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Jahnabi indie film review


Directed by: #AnirbanDutta

Written by: Anirban Dutta

Poster of the film depicting the two main characters standing in the river Ganges, the water brightly illuminated by the sunset.

Bolstered by its mesmerising imagery and tranquil editing, Anirban Dutta’s Jahnabi takes mythic inspiration from the river Ganges as its visual narrative explores femininity, love, loss and faith. Not presented in a traditionally told narrative, the film flows much like a river itself blissfully with hidden power and grace. It is easy to lose yourself to the serenity of Jahnabi’s imagery as the cinematography from Soham Dey and Dutta himself display such reverence for the history and legend of the river and the land around it. To the uninitiated like myself, who have little knowledge of the Ganges significance, the affection made clear in these visuals really takes hold. Beautiful vistas of rivers, waterfalls, forests and fields capture the attention and imagination. Dutta and Day are sure to convey the scope of these places, as their wide shots show the actors to be minuscule in scale to this monumental nature.

Though that is the double-edged sword of Jahnabi’s direction, while Dutta delivers enthralling visuals (beautifully coupled with the musical score of Sushruta Goswami and Bhaswar Sen) it does leave the actual story floating adrift. Again to someone uninitiated like myself, while I can appreciate the visuals Dutta has put forth, fully grasping the significance of the narrative is a little more difficult. The gist of this is easy enough to follow; our titular main character Jahnabi reflects with sorrow and sentiment on her relationship with Lohit, her lover. Circumstance brings them together and keeps them apart, continuously shifting like the river itself as Jahnabi’s story is told through visuals and songs. The film takes on a dreamlike quality but when it's so easy to get lost in the music and scenery, that seemingly crucial plot lines fade away. The world Dutta portrays on screen is so large, epic and brimming with legend that the people within can become lost to it rather than be enhanced. Jahnabi and Lohit’s story does come across in pieces but Dutta struggles in finding a balance between his two storytelling methods, undercutting the more personal themes.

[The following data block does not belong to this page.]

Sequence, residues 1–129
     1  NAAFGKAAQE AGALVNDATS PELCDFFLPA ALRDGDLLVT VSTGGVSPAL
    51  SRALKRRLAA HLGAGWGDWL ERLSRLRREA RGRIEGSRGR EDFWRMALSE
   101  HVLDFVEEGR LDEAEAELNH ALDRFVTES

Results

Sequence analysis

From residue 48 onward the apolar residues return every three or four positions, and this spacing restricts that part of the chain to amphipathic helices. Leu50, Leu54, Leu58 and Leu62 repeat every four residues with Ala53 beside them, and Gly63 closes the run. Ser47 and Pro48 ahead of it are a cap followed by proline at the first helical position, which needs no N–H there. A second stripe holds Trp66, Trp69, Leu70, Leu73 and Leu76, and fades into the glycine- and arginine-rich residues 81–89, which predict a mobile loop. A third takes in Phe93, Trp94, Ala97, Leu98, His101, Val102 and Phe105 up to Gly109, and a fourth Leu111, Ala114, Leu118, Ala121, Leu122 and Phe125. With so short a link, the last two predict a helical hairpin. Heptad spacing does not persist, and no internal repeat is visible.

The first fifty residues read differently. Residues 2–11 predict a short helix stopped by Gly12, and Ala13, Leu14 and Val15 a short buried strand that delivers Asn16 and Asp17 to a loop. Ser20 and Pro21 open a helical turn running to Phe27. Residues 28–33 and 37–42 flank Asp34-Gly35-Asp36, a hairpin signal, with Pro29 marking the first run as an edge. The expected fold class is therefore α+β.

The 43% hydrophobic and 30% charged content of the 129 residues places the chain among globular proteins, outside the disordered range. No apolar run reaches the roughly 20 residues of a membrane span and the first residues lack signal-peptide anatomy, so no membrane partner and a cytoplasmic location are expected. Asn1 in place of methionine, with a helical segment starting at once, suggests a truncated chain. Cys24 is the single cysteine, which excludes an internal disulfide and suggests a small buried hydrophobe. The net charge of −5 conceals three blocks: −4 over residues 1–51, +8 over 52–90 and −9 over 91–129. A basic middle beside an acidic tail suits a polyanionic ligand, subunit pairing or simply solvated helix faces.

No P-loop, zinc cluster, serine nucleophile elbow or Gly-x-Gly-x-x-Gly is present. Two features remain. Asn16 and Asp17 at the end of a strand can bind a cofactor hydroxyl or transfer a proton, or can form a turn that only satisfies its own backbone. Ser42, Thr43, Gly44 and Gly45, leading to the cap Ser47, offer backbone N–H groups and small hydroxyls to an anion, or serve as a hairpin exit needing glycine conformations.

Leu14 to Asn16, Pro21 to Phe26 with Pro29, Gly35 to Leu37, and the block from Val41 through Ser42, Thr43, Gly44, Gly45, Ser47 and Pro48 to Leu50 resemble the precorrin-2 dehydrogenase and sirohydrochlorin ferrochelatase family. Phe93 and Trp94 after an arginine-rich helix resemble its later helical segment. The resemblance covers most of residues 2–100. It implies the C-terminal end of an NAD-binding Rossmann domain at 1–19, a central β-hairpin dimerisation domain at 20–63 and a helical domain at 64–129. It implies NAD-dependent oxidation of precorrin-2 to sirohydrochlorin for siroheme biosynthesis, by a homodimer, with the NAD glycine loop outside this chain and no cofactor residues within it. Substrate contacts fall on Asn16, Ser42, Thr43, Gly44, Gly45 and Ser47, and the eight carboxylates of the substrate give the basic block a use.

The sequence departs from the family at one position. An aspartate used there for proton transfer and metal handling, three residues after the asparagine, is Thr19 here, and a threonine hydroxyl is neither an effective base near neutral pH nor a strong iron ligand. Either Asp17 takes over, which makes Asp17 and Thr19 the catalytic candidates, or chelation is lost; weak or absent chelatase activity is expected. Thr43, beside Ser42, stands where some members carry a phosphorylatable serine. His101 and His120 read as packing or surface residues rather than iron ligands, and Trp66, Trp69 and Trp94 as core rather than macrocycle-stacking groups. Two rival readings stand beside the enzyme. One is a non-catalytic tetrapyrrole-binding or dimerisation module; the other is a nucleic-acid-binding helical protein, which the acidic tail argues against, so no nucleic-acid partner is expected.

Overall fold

These difficulties in execution make Jahnabi difficult to embrace as its narrative payoffs don’t arrive with the grandeur the film spends so long building. The film remains a spectacle on both visual and auditory fronts but audiences may be divided in what they can gather from the story. The respect and passion for this culture from Dutta runs through the whole picture; the journey through these landscapes is worth the experience, inexplicable awe at nature’s might. However, it may take longer to grasp how our human characters find their place in it.



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